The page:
Lots of maintainers struggle to reach a barely livable wage via donations. Of course, there are notable exceptions. But most maintainers are eventually forced to get a job making proprietary software, or at least split their time between open source and proprietary work which is far less beneficial to society. It’s unfortunate, but GitHub stars won’t pay the rent.
A lucky few manage to land day jobs that allow them to work on open source. But most folks have to be more creative – squeezing in time after work, secretly doing open source maintenance at work, or opting out of normal society completely.
I’m hopeful that GitHub Sponsors will make giving donations to maintainers more common. But I still worry a lot about folks who maintain packages that no one installs directly, i.e. transitive dependencies of popular packages. These maintainers have the hardest time.
The most common funding models – donations, README sponsors, or paid consulting – only work if a maintainer can get their appeal in front of users. This usually goes in a README or on a website.
But reliable, error-free transitive dependencies are invisible. Therefore, the maintainers are invisible, too. And, the better these maintainers do their job, the more invisible they are. No one ever visits a GitHub repository for a transitive dependency that works perfectly – there’s no reason to do so. But a developer investigating an error stack trace might visit the repository if for no other reason than to file an issue. At least then there’s a small chance they’ll see the maintainer’s plea in the README.
We need solutions that work for these folks too.
Maybe ads aren’t the answer – fine. But telling maintainers to bury their appeals where no one bothers to look is not the answer, either.
The story of
The seeds of an idea
When trying something new, you can’t plan for everything in advance. Sometimes the quickest way to learn if an idea is good or not is to just try it.
So, here was the rough idea for the
At a high level, an open source maintainer should be able to
npm install funding into their project and start receiving money for their maintenance work.
Maintainers shouldn’t need to pitch fifty companies to find the rare one that is open to the idea of supporting open source financially. This is not work that most maintainers enjoy doing, are actually good at, or should need to do.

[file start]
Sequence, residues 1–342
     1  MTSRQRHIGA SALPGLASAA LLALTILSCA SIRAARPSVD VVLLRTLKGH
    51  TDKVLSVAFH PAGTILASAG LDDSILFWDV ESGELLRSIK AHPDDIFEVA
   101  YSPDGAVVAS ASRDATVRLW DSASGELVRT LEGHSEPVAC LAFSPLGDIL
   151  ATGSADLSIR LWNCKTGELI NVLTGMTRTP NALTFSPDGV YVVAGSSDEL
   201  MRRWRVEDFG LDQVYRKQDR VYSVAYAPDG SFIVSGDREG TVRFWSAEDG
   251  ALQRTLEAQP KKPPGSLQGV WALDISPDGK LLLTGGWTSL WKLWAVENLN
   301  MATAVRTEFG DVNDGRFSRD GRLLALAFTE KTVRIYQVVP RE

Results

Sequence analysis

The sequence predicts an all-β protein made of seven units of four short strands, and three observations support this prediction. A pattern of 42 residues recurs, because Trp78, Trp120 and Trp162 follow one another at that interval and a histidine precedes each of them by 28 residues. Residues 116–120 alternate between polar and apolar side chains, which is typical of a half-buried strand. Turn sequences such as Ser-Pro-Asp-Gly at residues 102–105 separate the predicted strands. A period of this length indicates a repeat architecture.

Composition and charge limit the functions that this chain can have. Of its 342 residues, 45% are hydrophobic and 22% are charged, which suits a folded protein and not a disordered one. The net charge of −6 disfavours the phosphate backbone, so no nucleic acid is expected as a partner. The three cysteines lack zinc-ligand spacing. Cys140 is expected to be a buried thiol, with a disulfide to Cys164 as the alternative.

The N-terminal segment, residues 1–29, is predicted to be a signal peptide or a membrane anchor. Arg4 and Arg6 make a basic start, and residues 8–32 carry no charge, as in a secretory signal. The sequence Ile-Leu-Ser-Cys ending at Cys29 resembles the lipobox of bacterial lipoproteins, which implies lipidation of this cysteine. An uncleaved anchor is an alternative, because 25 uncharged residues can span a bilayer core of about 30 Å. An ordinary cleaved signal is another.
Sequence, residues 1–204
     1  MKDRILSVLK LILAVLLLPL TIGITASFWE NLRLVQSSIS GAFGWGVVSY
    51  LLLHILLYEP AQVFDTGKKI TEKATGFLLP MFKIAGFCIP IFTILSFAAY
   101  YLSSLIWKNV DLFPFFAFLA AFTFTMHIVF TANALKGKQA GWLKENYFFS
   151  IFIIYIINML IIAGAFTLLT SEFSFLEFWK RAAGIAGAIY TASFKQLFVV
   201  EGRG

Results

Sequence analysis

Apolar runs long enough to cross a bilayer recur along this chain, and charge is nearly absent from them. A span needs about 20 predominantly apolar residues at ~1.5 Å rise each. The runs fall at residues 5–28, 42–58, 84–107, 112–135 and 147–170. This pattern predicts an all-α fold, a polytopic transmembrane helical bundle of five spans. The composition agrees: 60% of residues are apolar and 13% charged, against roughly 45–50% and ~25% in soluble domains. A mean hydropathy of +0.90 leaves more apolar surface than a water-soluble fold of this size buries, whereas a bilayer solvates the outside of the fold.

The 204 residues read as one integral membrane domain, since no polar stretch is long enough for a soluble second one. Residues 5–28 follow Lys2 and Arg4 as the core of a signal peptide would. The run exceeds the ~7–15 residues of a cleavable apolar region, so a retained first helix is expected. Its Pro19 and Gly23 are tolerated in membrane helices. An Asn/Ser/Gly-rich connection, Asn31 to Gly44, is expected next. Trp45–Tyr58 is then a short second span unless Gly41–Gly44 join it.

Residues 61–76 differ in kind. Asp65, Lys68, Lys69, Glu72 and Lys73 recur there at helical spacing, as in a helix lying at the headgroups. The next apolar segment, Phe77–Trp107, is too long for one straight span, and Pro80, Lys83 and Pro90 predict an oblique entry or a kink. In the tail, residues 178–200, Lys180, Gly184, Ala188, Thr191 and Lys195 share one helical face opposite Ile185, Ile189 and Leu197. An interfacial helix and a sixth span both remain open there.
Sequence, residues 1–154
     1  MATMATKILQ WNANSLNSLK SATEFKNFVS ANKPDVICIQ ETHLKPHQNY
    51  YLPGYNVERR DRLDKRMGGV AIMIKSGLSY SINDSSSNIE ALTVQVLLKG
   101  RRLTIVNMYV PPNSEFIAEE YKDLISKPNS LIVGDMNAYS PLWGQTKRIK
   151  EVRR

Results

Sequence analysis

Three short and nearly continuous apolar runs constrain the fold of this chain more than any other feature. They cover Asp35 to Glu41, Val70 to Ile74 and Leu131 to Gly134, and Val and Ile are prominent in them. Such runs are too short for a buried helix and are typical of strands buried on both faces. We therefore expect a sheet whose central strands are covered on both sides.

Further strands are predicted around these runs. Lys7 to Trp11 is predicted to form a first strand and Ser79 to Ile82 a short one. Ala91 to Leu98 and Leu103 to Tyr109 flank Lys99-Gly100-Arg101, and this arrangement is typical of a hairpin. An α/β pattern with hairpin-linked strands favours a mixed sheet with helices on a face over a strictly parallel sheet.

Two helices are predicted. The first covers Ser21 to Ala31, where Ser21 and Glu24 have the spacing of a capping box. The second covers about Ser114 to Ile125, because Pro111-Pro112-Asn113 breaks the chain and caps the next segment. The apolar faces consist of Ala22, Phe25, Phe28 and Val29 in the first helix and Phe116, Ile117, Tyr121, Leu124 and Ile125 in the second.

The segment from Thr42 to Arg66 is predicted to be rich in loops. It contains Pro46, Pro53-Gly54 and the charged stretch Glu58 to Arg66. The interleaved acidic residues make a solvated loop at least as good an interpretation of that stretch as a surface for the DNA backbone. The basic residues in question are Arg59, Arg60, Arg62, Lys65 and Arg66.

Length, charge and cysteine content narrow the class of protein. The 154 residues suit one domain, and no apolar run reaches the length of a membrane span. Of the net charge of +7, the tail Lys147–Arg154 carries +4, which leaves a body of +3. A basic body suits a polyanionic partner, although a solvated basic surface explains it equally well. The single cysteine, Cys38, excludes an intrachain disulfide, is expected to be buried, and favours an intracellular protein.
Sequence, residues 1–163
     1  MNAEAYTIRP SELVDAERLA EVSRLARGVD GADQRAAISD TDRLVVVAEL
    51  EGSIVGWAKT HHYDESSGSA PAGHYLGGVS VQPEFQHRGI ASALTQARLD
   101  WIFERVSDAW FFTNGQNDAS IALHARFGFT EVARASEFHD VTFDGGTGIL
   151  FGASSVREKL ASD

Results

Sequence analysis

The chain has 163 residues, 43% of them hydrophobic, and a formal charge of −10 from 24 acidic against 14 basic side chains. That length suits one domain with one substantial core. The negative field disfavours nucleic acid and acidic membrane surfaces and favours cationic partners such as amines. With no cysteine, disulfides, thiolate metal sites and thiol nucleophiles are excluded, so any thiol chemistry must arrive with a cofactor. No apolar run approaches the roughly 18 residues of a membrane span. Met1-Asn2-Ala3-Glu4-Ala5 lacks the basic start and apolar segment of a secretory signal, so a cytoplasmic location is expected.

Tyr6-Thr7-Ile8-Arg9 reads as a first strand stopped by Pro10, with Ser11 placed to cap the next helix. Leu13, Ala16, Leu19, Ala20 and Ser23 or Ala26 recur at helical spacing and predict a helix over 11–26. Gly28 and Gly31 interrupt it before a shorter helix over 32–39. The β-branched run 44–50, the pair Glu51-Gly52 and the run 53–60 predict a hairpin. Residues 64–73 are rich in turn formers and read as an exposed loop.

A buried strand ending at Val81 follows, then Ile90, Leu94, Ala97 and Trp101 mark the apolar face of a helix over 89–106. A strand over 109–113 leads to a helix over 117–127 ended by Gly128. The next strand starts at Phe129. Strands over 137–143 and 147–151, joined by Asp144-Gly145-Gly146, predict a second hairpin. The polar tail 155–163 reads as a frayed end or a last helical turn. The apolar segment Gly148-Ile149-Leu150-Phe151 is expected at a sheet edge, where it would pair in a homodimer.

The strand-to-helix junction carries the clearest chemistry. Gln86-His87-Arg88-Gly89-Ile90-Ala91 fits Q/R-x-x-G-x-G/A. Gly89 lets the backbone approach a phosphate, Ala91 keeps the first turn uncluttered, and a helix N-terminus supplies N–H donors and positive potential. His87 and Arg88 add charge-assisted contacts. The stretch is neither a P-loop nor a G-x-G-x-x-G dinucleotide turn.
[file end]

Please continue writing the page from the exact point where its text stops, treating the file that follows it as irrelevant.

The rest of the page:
Rather than appeal to companies or users for donations – donations that often never come, and when they do, are never enough –
funding lets maintainers take matters into their own hands. They can directly capture a small portion of the value that they’ve created. Not very much value, but at least not no value.
What if someone new to open source could adopt an abandoned package, quickly
npm install funding, and start earning money for maintaining a package?
Suddenly formerly abandoned packages have a monetary value, and, therefore, a reason to be maintained. Bug fixes, security fixes, and pull requests would be less likely to be ignored. Folks who want to quit their day job to work full-time on open source now have a plausible means to do so. We all win.
What about when tons of sponsor messages start appearing in the terminal? How would this scale?
I had a plan for this. As more folks added
funding to their packages, many copies of it might end up in the dependency tree. But
funding de-duplicates the post-install message so it only ever prints one message.
As more maintainers join,
funding ends up in more dependency trees so the single post-install message has more opportunities to be shown, bringing in more income for everyone. At some point, adding additional maintainers doesn’t help the message appear more times since it’s already showing in almost every install, so adding further maintainers only causes the total income to be split among more maintainers. We’d have to see how this played out. No one knows the value of a sponsor message in the terminal since this has never been tried before. That’s why this was an experiment.
funding funnels funds to transitive dependencies much more effectively than any of the current funding approaches! That was an explicit design goal. There are lots of transitive dependencies that are “unpopular” in terms of mind share and GitHub stars, but which are used pervasively and yet invisibly. If this experiment worked, these “invisible maintainers” would have had a way to be rewarded for the value they provide.
Yuck. How would ads works?
Ads let us leverage the attention of the users of our software. They’re an imperfect solution because they extract value (in the form of a few seconds of attention) from all users equally – both from the open source “makers” as well as the “takers”.
For the record,
funding had absolutely no tracking, no data collection, and no code from untrusted third parties. It was a
console.log with some fancy formatting. Think of it like a newspaper classified ad. We just print it and hope that maybe some folks will see it.
But even when ads don’t track or collect data, they still feel “icky” to many users.
Oooo light bulb! Perhaps I should write a script that puts ads on the desktop wallpaper while installing ;) <evil laugh>— James M Snell (@jasnell) August 25, 2019
I'm all for sponsoring open source but ads during install are just annoying. Please don't. https://t.co/2knajtL0ay
Personally, I’m not a huge fan of ads. I wish we could get away from ads as a funding model for free content. I use an ad blocker in my web browser, I install ad blockers on all my family’s computers, and I hope you do too. And yet, I’m pragmatic. I run ads on some of the websites that I’ve built and it helps fund ongoing maintenance work.
I supported anyone who wanted to block the sponsor messages from showing up. Which is why I added an environment variable